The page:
Thoughts Parafoxical

We don’t need Patricia MacCormack’s argument for an ahuman theory of ethics to acknowledge that ‘nonhumans don’t care’: to appreciate that the nonhuman animals assimilated into human discourse, endlessly re-grouped and set against one another, ‘don’t care’ about news stories (or play scripts). Thank goodness. Three weeks ago Melbourne’s population of red fox, vulpes vulpes, was again mentioned in local news, under the headlines ‘Fox Massacres Melbourne Zoo Penguins’, and ‘Fourteen Penguins Killed in Fox Rampage at Melbourne Zoo’. Presuming readers’ sympathetic (domesticating) identification with the ‘little’ penguins, these headlines demonise the figure of the fox. As such, they distil from the news a moral tale with an ancient heritage—a tale, however, more usually driven by contentious humour.

There are plenty of sharp nods to this heritage in the script Undercoat: A Parafoxical Tale. The project first glimmered in my imagination years ago when I read about a fox found trapped at the rear gate of the Melbourne Zoo. As noted in an essay for Writing from Below (which you can read here), Undercoat takes the absurd liberty of anthropomorphising no fewer than three foxes. Or is it three-and-a-half? Set in an Australian landscape, this fable ‘for performance in seven scenes’ begins edging off the page this week, in anticipation of three showings as part of La Mama Theatre’s Explorations series. Inwardly I hear the chant of the character Ruber becoming more insistent, ‘Be careful, be careful, be careful what you fox for!’ … .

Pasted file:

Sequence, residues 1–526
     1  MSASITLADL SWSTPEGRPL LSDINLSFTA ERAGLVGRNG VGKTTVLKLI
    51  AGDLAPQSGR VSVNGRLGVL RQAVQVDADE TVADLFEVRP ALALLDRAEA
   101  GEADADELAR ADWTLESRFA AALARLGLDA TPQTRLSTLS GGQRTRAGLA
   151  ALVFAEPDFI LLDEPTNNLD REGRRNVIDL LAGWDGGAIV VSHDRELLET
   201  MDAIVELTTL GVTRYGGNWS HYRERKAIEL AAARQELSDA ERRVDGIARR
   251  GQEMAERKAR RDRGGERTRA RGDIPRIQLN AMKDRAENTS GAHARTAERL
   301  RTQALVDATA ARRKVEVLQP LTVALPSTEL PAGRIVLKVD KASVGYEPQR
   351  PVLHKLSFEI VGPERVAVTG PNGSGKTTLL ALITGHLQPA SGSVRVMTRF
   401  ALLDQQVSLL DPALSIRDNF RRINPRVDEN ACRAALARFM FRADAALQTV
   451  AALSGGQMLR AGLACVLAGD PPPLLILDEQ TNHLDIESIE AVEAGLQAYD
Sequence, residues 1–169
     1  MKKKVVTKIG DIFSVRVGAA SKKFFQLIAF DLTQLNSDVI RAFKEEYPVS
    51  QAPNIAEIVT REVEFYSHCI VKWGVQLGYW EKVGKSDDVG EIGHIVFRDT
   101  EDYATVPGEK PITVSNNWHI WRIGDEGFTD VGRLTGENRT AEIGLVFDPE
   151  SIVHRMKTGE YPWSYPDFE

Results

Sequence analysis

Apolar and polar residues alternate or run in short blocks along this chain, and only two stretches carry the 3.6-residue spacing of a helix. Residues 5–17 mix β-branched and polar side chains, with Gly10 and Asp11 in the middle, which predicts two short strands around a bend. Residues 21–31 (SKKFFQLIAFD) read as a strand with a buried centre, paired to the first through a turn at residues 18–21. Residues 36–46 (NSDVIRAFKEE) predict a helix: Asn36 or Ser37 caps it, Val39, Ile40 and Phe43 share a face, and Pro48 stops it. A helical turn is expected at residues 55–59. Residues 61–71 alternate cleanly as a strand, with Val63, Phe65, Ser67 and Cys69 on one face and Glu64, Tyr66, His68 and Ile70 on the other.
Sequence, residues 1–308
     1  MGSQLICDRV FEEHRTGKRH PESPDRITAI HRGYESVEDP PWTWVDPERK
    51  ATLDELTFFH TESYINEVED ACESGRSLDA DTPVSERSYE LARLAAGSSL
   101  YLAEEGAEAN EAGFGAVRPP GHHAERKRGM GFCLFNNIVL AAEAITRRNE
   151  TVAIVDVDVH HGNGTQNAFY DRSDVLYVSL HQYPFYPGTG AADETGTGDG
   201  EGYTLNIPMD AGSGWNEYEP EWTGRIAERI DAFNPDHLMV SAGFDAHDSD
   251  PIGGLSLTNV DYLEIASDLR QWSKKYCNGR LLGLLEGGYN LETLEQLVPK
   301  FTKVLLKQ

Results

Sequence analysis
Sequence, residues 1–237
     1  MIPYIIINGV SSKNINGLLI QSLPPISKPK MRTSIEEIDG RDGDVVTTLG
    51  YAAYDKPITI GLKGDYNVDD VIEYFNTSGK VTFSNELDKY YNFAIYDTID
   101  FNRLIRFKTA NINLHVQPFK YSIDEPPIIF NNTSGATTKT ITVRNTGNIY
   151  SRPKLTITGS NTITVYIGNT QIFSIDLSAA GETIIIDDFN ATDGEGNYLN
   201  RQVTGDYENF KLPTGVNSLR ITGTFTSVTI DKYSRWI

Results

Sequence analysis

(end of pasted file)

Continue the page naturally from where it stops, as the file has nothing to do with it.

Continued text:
Peter Wiltshire, longtime ranger at the Darebin Parklands, kindly agreed to be interviewed while I was researching for Undercoat. In Australia’s inner urban environments, Wiltshire says, foxes have no natural predators. ‘They’re extraordinary creatures’, he begins, ‘they’re flighty, moving continually. They disappear into the grass, they’re agile, extremely fast, well balanced’. At one level Wiltshire’s interview suggests that, mercifully, gloriously, no combination of adjectives can suffice to convey—let alone ‘capture’—human impressions of a fox’s singularity. Quite simply, like the quickening aliveness of a rehearsal, a fox, or a penguin for that matter, is not what we think.